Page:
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Misha Glenny

McMafia: Crime Without Frontiers

Hay Festival 2008, 
Misha Glenny investigates the global crime boom - Bombay gangs, sex slavery in Israel, Canadian dope, Nigerian investment scams, Brazilian cyber-crime. Chaired by Peter Guttridge.

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Sergio Renán en conversación con Fernando Méndez-Leite

seguido de la proyección de la película La tregua

Segovia 2009, 
Evento de 1 hora seguido de proyección, con intervalo de 15 minutos

El actor y director de cine y teatro argentino Sergio Renán conversará con el crítico de cine Fernando Méndez-Leite sobre la relación entre cine y literatura, particularmente sobre las novelas de Mario Benedetti Gracias por el fuego y La tregua, llevadas al cine por Renán.

La tregua (1974)
Dirección: Sergio Renán; Duración: 108 min.
Sinopsis: En la vida gris, sin alegrías ni esperanzas de un viudo cincuentón, irrumpe el amor. Un amor profundo y pudoroso por una joven compañera
de trabajo que transforma su rutina en emoción y belleza.

Se ofrecerá traducción simultánea del español al inglés

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Kate Humble talks to Miles Jupp

Friend For Life: The Extraordinary Partnership Between Humans and Dogs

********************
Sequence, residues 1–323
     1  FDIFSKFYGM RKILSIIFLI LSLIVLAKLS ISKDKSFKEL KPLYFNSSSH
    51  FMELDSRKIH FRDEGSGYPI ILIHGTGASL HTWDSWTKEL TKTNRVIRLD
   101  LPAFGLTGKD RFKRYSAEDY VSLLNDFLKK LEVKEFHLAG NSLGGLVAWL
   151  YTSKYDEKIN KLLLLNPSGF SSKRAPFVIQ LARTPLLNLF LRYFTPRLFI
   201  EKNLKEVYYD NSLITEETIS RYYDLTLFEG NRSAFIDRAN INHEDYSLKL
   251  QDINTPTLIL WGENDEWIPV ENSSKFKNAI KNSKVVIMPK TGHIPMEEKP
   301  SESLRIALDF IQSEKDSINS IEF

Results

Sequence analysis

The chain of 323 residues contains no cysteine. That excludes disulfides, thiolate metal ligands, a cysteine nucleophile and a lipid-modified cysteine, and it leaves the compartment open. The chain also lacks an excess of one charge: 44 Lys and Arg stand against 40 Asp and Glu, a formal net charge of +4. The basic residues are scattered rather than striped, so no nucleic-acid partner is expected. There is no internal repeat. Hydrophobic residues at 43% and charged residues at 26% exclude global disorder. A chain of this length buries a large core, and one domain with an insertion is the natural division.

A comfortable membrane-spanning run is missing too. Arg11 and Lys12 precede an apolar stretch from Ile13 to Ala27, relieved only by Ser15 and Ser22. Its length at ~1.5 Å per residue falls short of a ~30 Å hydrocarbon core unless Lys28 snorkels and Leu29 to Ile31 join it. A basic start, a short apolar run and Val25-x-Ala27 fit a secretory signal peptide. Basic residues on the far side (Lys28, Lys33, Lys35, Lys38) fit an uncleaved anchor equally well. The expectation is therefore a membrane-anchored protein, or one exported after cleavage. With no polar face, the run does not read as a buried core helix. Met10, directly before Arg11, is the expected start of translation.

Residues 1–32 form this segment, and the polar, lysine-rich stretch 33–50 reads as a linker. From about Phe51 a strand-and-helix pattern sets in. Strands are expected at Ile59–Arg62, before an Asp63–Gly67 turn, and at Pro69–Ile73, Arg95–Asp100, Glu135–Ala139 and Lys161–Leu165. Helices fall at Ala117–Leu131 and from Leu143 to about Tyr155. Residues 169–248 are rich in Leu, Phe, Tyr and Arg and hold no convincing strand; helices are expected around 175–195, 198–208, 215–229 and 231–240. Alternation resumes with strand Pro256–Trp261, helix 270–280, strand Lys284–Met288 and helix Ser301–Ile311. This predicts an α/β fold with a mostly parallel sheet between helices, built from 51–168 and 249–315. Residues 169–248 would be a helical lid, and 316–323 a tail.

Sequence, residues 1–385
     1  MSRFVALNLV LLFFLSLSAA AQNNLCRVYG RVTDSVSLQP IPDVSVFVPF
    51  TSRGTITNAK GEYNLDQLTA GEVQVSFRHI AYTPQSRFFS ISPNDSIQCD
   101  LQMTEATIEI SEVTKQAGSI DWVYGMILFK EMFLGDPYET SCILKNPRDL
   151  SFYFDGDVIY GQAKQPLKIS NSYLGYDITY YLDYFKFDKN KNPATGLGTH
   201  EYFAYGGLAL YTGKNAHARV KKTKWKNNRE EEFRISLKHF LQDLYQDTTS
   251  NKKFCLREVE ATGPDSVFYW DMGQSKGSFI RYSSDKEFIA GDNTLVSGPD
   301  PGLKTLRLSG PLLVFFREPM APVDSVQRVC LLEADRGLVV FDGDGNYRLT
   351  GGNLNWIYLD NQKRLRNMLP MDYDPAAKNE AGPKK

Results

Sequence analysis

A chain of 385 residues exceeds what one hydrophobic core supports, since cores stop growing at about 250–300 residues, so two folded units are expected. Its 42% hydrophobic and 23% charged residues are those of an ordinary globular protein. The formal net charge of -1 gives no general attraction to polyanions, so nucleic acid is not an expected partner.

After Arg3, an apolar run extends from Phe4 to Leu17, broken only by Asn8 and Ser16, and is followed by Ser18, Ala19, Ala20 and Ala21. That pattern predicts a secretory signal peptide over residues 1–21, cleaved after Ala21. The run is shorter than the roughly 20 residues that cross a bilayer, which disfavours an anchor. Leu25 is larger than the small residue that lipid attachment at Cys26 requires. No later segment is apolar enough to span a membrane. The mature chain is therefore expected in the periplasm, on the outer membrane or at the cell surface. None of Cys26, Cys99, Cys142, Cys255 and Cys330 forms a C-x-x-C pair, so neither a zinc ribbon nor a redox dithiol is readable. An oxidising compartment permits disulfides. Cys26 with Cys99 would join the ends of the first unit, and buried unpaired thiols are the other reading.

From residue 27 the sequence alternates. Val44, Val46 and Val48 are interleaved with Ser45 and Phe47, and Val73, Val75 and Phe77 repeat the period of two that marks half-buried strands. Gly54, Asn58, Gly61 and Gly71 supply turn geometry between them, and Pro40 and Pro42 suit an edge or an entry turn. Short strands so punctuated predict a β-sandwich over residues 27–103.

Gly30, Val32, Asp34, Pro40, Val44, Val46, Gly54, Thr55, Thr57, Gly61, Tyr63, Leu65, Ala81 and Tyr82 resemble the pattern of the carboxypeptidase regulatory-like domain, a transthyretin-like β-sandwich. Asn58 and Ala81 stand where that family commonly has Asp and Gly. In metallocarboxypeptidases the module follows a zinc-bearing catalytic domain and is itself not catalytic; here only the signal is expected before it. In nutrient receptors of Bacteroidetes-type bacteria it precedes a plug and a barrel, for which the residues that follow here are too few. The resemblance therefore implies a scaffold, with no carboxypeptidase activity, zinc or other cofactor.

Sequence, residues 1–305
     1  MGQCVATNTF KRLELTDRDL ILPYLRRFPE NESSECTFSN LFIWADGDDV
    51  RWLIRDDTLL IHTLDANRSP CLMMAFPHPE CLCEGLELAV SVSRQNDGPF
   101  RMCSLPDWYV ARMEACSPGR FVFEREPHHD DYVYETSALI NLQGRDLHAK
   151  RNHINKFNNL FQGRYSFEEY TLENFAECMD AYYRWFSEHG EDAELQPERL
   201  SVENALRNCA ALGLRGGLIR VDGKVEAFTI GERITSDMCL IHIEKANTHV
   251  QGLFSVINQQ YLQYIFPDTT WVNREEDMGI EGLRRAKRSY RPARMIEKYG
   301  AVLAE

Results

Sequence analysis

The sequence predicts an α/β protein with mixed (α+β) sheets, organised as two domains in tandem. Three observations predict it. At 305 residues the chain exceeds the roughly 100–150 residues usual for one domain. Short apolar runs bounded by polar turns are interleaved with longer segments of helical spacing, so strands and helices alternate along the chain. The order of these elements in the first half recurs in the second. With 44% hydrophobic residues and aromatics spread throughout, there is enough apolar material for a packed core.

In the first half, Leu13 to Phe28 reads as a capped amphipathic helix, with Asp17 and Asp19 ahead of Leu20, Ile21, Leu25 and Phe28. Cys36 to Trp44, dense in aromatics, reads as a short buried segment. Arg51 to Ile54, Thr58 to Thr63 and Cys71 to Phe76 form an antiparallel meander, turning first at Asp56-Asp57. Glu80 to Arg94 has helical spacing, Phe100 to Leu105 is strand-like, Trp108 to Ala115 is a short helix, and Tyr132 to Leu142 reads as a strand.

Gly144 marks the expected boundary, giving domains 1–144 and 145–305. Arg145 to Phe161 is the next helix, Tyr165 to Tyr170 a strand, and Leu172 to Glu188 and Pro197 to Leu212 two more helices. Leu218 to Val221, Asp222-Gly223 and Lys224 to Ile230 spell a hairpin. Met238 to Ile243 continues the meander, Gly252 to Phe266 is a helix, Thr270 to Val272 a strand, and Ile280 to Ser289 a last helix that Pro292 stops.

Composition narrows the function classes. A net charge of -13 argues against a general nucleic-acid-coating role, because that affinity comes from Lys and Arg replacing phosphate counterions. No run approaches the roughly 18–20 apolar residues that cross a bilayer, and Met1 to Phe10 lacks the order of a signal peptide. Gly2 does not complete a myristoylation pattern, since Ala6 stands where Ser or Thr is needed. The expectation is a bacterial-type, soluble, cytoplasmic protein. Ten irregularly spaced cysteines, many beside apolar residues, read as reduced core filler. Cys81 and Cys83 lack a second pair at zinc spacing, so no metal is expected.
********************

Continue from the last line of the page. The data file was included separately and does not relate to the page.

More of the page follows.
Hay Festival 2016, 

The wildlife broadcaster and smallholder uses her journey with her sheepdog puppy Teg to frame her examination of this very special relationship. Written with warmth and love, and packed full of stories about rescue dogs, guide dogs, service dogs and medical dogs, this event is a joy for anyone with a four-legged friend. In conversation with host of The News Quiz, Miles Jupp.

Kate Humble talks to Miles Jupp

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Lucy Ivison and Tom Ellen

Love, Laughter and Finding Your ‘Lobster’

Hay Festival 2014, 

Tom Ellen and Lucy Ivison are the co-authors of hilarious teen debut Lobsters. Sam and Hannah only have the holidays to find The One. Their ‘lobster’. But instead of being epic, their summer is looking awkward. They must navigate social misunderstandings, the plotting of well-meaning friends, and their own fears of being virgins forever, to find happiness. But fate is at work to bring them together. And in the end, it all boils down to love. Tom and Lucy met in the sixth form and have been friends ever since. Lucy runs online teen magazine Whatever After, as well as teaching in girls’ schools across London specialising in building confidence and creativity. Tom is a journalist and has written for ShortList, TimeOut, Vice, TalkSPORT, ESPN and Viz. Are they lobsters? You’ll have to come along to find out…